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There’s good news for the millions of people who battle back pain each and every day. An injection that nips backache in the bud has been developed by scientists. It contains a cocktail of anti-aging drugs called senolytics that kill off “zombie cells.”
Chronic back pain affects more than 15 million adults in the U.S., racking up billions in healthcare costs and lost workdays. The injection could protect people against the crippling condition for decades. Clinical trials are already being planned.
In experiments, young and middle-aged mice had less disc degeneration by the time they grew old than peers given a placebo. They also had fewer senescent cells that stop dividing and release chemicals that cause inflammation. They have been dubbed zombie cells because they are damaged, yet refuse to die.
“Once intervertebral discs start to degenerate, there is very little regeneration that happens. But our results show it is possible to mitigate the disc degeneration that happens with aging,” says study lead author Makarand Risbud, a professor of spine research in orthopedic surgery at Thomas Jefferson University, in a statement.
The spinal “cushions” that support vertebrae dry out over the years and don’t absorb shocks as well. Simple daily activities and sports trigger tears in the outer core. Most people over 60 have some deterioration. Few treatments are available. Most patients do not meet the criteria for surgery or steroid injections, which are often ineffective. Prolonged use of strong painkillers, such as opioids, carries the risk of addiction.
Now the team at Jefferson has come up with a novel approach that combines the drugs dasatinib and quercetin, medications that flush out senescent cells. Every tissue in the body collects them over time. They secrete destructive enzymes and proteins that harm healthy cells.
Senolytics leave room for the formation of fresh ones. The researchers say the non-invasive technique paves the way for treating back pain. The two drugs are currently being tested on humans to treat lung scarring. They were also shown to work on discs in the spine but in a surprising way. “Just because the drugs work in one tissue does not mean they will also work in another. Every tissue is different,” Dr. Risbud says.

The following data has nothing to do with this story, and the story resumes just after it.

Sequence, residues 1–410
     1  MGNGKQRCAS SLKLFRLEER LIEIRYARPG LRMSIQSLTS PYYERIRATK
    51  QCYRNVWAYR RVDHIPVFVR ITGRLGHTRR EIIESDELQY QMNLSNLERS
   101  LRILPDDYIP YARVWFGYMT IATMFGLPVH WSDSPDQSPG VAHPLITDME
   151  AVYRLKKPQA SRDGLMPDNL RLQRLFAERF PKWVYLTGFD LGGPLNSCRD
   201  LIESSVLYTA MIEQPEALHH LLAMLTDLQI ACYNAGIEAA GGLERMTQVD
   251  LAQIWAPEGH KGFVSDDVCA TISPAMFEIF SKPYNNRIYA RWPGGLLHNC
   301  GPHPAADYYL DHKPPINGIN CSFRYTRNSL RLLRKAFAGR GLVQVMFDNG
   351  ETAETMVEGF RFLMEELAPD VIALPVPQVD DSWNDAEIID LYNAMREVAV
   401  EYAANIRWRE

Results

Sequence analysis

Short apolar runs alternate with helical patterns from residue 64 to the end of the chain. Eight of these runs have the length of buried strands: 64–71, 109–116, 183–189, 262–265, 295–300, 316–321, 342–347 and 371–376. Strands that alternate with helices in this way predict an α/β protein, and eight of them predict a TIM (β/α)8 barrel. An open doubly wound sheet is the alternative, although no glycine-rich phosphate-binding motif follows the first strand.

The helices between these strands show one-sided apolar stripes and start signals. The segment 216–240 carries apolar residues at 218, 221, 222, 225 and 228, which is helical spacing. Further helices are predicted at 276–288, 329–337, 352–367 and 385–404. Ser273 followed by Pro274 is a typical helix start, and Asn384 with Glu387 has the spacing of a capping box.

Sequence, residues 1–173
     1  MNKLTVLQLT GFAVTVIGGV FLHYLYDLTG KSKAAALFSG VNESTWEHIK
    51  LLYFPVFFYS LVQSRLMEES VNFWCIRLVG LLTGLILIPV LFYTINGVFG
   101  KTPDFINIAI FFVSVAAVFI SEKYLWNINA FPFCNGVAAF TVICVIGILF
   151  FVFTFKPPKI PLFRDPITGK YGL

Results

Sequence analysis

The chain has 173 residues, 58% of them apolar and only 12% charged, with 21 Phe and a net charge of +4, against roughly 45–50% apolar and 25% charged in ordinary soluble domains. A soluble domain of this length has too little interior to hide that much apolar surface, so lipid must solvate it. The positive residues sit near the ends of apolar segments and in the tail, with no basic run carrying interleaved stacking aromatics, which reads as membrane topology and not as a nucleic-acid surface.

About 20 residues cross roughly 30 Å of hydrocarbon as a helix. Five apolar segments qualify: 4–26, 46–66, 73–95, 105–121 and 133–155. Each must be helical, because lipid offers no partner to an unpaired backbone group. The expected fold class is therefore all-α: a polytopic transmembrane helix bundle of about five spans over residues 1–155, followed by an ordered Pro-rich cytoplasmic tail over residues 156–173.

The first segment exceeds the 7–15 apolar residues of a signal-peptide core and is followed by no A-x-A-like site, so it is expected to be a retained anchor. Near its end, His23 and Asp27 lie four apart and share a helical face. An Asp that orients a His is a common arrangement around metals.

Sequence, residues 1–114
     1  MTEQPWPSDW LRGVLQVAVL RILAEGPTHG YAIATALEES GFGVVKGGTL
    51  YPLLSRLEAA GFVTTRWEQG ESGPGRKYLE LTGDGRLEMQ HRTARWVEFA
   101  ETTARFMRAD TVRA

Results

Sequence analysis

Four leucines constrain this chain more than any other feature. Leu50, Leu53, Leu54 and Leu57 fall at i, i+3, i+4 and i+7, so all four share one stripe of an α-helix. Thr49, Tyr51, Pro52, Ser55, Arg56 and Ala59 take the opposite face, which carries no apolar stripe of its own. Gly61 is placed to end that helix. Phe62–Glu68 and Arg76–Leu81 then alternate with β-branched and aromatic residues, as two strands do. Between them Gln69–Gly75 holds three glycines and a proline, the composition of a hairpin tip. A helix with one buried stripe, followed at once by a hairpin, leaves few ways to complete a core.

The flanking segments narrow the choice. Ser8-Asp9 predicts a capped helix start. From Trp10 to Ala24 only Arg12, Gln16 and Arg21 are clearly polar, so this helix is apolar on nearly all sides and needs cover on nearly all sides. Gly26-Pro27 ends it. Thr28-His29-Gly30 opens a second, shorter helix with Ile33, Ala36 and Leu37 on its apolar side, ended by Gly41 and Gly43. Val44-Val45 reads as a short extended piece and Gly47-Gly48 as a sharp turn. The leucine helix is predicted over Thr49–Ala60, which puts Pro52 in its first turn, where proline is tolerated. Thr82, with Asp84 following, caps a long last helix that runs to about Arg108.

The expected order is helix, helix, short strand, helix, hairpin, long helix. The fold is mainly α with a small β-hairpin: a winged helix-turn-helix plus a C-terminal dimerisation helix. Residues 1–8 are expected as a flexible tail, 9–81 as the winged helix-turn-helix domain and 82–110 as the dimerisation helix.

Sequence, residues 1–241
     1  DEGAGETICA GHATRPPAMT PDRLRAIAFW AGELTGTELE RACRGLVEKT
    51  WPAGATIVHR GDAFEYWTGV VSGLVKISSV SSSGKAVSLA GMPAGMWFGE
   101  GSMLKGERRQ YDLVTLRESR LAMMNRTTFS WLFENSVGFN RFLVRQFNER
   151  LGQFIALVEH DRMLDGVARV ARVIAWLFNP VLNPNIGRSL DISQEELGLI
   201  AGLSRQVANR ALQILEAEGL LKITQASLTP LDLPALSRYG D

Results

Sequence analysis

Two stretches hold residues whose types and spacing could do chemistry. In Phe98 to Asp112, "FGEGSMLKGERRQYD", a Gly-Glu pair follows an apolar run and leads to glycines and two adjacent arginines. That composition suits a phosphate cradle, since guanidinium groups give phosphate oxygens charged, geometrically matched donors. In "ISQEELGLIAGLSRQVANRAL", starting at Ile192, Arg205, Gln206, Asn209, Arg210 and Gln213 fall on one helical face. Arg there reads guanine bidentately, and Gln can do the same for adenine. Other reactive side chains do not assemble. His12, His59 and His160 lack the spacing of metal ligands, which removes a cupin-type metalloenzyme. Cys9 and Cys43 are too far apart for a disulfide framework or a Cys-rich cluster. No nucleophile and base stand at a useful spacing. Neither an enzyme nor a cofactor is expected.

Weekly injections reduced disc generation, with the best results in middle-aged and young lab rodents rather than their elders. They actually had a protective effect. It was thought that the oldest animals would benefit most as they had more senescent cells.
“We anticipated [that] in tissues with a lot of senescence, removing the senescent cells would make a big difference, but it didn’t. The therapy was most effective when we started treating the mice when those senescent cells were just beginning to emerge. Our findings show if given early, senolytic drugs can actually slow disc degeneration. This is a novel preventive approach,” explained Dr. Risbud.
The animals needed a weekly injection until they reached old age — a much longer period than senolytics have ever been used before. But no side effects were identified during the long-term treatment. “It is possible people will have to take this for a long time for treatment to be effective. Our data show the drugs were well tolerated — at least in mice,” Dr. Risbud said.
The study demonstrates that senolytics already approved for clinical trials can combat age-related disc degeneration. “This research paves the way for translating these studies first to a preclinical animal model and then to a clinical trial in humans,” added Dr. Risbud.
Senolytics have been hailed as a new weapon in the war on aging, potentially treating a range of diseases that plague the elderly. Some scientists reckon they hold the key to eternal life. The ultimate dream is a panacea: a cure-all for the ills of growing old.